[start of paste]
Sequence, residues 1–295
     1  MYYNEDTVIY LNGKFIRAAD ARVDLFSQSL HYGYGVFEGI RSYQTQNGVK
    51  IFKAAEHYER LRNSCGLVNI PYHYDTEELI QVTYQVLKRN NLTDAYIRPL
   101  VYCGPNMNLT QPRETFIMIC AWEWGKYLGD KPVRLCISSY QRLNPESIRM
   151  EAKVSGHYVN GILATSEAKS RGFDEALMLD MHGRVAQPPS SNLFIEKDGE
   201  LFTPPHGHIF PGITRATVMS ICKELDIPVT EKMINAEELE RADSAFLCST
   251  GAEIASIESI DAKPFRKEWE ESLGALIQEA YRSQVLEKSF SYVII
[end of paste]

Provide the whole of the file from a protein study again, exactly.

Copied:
Sequence, residues 1–295
     1  MYYNEDTVIY LNGKFIRAAD ARVDLFSQSL HYGYGVFEGI RSYQTQNGVK
    51  IFKAAEHYER LRNSCGLVNI PYHYDTEELI QVTYQVLKRN NLTDAYIRPL
   101  VYCGPNMNLT QPRETFIMIC AWEWGKYLGD KPVRLCISSY QRLNPESIRM
   151  EAKVSGHYVN GILATSEAKS RGFDEALMLD MHGRVAQPPS SNLFIEKDGE
   201  LFTPPHGHIF PGITRATVMS ICKELDIPVT EKMINAEELE RADSAFLCST
   251  GAEIASIESI DAKPFRKEWE ESLGALIQEA YRSQVLEKSF SYVII